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Posts from the "New York" Category

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Are There Any Affordable Cities Left in America?

When you factor in both housing and transportation costs (H+T) as a percent of income, the car-dependent cities in the right column expensive. But are DC, SF, and NYC that much more affordable, even if you count the benefits of transit? Source: Citizens Budget Commission

When you factor in both housing and transportation costs (H+T) as a percent of income, the car-dependent cities in the right column are especially expensive. But are DC, SF, and NYC that much more affordable, even if you count the benefits of transit? Source: Citizens Budget Commission

Are Washington, San Francisco, and New York the most affordable American cities? A new report from the New York-based Citizen’s Budget Commission [PDF], which made the rounds at the Washington Post and CityLab, argues that if you consider the combined costs of housing and transportation, the answer is yes.

But a closer look at the data casts some doubt on that conclusion. Between the high cost of transportation in sprawling regions and the high demand for housing in compact cities with good transit, very few places in America are looking genuinely affordable these days.

The CBC report uses a better measure of affordability than housing costs alone. Transportation is the second biggest household expense for the average American family, and looking at what people spend on housing plus transportation (H+T) can upend common assumptions about which places are affordable and which are not. Regions with cheap housing but few alternatives to car commuting don’t end up scoring so well.

There are some problems with the CBC’s methodology, however. While abundant transit is absolutely essential to keeping household transportation costs down, and it provides a lifeline to low-income residents of major coastal cities, the report still tends to exaggerate overall affordability in these areas.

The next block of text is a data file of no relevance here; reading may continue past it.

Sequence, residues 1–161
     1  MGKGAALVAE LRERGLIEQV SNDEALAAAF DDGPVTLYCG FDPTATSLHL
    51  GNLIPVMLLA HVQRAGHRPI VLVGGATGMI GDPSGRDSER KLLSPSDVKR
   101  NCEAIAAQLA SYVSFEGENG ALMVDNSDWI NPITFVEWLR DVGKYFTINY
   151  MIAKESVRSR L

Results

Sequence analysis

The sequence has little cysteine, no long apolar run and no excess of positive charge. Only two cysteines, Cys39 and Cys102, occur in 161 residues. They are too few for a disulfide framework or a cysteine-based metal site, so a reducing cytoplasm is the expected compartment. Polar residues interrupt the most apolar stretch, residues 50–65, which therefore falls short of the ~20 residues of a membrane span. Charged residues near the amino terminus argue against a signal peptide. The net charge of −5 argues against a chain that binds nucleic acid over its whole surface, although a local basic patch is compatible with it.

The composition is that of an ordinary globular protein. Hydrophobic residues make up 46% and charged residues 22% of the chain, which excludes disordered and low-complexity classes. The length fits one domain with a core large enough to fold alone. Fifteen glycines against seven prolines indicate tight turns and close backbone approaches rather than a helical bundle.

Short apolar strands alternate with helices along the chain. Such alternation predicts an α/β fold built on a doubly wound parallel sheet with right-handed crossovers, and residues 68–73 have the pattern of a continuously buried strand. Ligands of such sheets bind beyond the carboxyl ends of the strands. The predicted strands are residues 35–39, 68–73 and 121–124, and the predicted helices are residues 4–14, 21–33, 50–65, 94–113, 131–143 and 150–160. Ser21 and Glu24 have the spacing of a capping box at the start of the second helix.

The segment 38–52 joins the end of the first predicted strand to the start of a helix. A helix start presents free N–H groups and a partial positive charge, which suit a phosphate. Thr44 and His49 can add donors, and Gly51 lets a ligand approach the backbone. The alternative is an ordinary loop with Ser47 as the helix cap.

According to the report, for example, New York City ranks third in affordability among 22 large cities. A “typical household” in New York City, the CBC finds, spends 32 percent of its income on housing and transportation combined. Part of the reason New York comes out looking good, though, is that CBC used a regional measure of income but looked at typical rents only in the city itself. Because the region’s median income is higher than the median income in the city ($62,063 vs. $51,865, respectively, according to 2008-2012 Census data), NYC appears more affordable than it really is.

Another issue, flagged by Michael Lewyn at his CNU blog, is that by looking at average rents, which in some cities include many rent-stabilized units, the calculation doesn’t necessarily capture what someone searching for shelter is likely to pay. If you’re trying to find an apartment in New York now, getting a place for the average rent would probably be extremely difficult.

What really stands out in the CBC report isn’t that New York, San Francisco, and DC are affordable — it’s that car-dependent areas that may have cheap housing turn out to be so expensive once you factor in transportation.

Read more…

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Talking Headways Podcast: Poor Door Von Spreckelsen